Abstract
The concise look at the Difference Potentials Method and at the causes of new possibilities
which are provided by this method; three examples of solved applied problems and also the notes
about connections between CalderonSeely and new potentials.
Àííîòàöèÿ
Îáùèé âçãëÿä íà ìåòîä ðàçíîñòíûõ ïîòåíöèàëîâ è íà ïðè÷èíû íîâûõ âîçìîæíîñòåé, êîòîðûå äàåò ýòîò
ìåòîä; òðè ïðèìåðà èç ÷èñëà ðåøåííûõ ïðèêëàäíûõ çàäà÷; çàìå÷àíèÿ î ñâÿçÿõ ìåæäó íîâûìè
ïîòåíöèàëàìè è ïîòåíöèàëàìè ÊàëüäåðîíàÑèëè.
The method of difference potentials (DPM) is intended for digital
simulation and numerical solution of some problems of mathematical physics DPM
was proposed by the author in his doctoraite (D. Sc.) thesis in 1969 and was
significantly developed at Keldysh Institute Russian Academy of Sciences, at
the Department of Computational Mathematics of the Moscow Institute of Physics
and Technology, at the Institute for Mathematics Modeling of the Russian
Academy of Sciences, at ICASE (NASA Lengley Reserch Center) as well as some
other Institutes.
This report will be necessarily
fragmentary. The almost modern stateofthe art of the DPM is reflected in [1].
There (in [1]) are also named others
people who take part in developing of DPM. Here I would like to mention only
Professor Semeon Tsynkov, whose participation was very bright and significant.
The new possibilities provided by the
DPM originate from the fact, that DPM combines several advantages of the
classical potentials and Calderon’stype potentials with the universality and
constructively of difference schemes.
The main advantage of classical
potential method for discretisation and numerical solution the different
problems of mathematical physics (Laplas and Helmholtz equations, the Lame,
Stocks, Maxwell, CauhyRiemann systems) is
the possibility to digitize the potentials and boundary integral
equations by means of quadratures. But the kernels of integral operators of
this kind are constructed by means of fundamental solutions, which must be
sufficiently simple. Therefore the field of applicability of classical
potentials method is bounded, to say the least, by equations with constant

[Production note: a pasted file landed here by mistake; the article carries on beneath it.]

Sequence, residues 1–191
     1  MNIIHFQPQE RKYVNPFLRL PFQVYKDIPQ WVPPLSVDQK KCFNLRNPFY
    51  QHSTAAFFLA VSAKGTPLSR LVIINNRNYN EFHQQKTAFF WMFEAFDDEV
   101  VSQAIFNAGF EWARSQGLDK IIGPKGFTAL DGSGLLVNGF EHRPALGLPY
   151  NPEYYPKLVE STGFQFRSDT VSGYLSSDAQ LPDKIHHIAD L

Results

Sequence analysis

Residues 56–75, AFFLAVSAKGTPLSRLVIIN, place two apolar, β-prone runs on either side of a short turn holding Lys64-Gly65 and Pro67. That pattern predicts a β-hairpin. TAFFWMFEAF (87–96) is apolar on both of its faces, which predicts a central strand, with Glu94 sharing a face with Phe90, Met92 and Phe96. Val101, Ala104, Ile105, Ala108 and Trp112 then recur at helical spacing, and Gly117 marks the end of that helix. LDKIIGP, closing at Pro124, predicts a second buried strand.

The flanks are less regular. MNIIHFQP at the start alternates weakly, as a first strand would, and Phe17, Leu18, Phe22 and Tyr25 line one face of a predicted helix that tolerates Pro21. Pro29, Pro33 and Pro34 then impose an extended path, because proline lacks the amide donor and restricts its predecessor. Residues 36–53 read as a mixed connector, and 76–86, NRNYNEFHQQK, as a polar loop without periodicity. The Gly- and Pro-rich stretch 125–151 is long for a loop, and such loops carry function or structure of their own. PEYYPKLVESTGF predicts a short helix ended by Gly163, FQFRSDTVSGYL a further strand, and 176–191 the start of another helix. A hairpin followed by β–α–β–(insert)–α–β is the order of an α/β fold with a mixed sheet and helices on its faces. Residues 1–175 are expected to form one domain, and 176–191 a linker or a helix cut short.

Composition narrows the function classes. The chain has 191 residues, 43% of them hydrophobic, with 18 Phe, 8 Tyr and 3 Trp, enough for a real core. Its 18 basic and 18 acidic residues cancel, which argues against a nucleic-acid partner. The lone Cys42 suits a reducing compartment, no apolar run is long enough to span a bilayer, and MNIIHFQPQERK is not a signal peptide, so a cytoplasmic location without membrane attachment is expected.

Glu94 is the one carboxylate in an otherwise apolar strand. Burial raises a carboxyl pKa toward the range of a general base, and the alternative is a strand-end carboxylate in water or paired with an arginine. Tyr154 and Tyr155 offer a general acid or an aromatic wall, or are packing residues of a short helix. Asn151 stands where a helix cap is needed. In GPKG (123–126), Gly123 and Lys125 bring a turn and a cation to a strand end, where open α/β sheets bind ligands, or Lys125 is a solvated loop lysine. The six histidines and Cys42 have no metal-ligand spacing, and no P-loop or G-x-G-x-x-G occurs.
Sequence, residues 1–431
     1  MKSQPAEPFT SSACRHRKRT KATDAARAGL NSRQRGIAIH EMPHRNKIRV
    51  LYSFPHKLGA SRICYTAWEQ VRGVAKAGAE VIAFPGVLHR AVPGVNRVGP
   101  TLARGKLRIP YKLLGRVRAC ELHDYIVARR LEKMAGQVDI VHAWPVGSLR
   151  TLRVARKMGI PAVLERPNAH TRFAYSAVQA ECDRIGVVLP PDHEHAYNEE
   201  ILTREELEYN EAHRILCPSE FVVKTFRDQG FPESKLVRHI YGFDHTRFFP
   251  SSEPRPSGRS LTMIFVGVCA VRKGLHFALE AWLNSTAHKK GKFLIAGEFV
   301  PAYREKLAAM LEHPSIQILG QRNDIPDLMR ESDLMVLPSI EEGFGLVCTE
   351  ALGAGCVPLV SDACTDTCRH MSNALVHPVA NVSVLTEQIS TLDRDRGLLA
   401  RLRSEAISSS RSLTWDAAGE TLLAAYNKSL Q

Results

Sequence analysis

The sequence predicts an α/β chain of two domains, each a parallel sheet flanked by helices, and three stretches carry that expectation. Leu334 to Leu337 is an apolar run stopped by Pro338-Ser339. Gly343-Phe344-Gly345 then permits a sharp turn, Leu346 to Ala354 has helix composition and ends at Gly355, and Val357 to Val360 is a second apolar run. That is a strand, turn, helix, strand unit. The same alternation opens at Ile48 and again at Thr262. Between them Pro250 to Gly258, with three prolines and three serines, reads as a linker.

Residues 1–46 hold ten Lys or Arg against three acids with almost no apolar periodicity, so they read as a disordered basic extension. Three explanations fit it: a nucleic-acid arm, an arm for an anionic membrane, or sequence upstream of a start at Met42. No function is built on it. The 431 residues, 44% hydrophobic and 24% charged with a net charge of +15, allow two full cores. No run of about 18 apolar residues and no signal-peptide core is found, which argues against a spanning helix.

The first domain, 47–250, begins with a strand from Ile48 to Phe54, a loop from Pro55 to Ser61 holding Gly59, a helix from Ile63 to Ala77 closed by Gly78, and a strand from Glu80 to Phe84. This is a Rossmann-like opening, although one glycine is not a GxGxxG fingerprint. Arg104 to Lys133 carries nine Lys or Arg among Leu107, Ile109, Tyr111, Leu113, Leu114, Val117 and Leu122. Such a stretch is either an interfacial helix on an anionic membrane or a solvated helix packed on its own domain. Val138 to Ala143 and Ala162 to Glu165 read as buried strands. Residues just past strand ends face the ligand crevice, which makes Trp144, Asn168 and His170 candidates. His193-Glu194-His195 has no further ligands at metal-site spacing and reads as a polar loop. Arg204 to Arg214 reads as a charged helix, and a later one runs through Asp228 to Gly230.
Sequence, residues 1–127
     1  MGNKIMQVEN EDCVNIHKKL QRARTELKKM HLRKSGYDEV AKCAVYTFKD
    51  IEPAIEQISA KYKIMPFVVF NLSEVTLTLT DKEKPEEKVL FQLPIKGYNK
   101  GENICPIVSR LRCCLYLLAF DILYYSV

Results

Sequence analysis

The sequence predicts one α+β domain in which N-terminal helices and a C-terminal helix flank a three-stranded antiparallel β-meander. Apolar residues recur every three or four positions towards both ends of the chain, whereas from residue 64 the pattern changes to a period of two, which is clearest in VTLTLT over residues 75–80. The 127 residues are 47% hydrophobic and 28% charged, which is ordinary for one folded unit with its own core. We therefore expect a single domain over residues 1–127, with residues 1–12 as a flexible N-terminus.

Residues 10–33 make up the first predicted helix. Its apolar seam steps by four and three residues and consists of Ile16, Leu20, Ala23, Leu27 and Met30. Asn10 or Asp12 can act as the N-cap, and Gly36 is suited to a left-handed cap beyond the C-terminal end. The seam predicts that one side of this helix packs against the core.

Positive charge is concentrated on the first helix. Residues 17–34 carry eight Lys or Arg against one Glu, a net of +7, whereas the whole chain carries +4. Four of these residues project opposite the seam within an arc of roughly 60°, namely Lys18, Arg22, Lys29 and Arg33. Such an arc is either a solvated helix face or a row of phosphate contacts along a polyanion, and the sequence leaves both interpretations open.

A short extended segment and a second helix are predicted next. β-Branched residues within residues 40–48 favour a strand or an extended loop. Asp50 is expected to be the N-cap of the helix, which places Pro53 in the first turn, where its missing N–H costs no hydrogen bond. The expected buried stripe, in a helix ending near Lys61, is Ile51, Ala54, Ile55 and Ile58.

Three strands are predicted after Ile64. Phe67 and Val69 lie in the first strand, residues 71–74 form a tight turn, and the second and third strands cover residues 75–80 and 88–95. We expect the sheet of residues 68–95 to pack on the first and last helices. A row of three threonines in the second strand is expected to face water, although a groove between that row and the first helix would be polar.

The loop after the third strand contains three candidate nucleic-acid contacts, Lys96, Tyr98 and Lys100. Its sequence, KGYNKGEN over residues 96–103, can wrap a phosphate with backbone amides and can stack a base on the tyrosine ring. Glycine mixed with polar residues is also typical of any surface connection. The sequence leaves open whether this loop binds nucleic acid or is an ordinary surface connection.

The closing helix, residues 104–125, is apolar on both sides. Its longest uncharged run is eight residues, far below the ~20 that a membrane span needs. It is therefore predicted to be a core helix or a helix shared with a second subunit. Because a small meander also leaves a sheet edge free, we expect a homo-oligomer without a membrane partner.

coefficients, and can’t be used for
equations with variable coefficients.
A.P.Calderon [2] and R.T.Seeley [3]
have constructed and studied the pseudodifferential potentials, boundary
pseudodifferential equations with projectors for elliptic equations with
variable coefficients. But CalderonSeeley equations can’t be digitized by
means of quadratures, because they do not contain any integrals.
We have constructed some simple
auxiliary boundary problems which are used instead of using symbols of differential
operators. These modified potentials are defined not only for elliptic
equations, they have similar properties, but they also can’t be digitized by
means of quadratures because they also do not contain the integrals. However,
we have constructed earlier the difference potentials. Those can be used for
discrete approximation of new potentials and boundary pseudodifferential
equations with projectors, connected with them. It is possible to say that the
difference potentials play the role of nonclassic quadratures for modified
CalderonSeeley potentials.
Thus the modified CalderonSeeley
potentials can be used for discrete simulation and numerical solution of
different problems of mathematical physics, not only elliptic.
Note, however, that really the
difference potentials were proposed much earlier then modification of
CalderonSeeley potentials was made (1983). This modification was made firstly
to close the constructions of difference potentials when grid step tends to
zero.
The difference potentials can be used
also for discrete simulation and numerical solution of different problems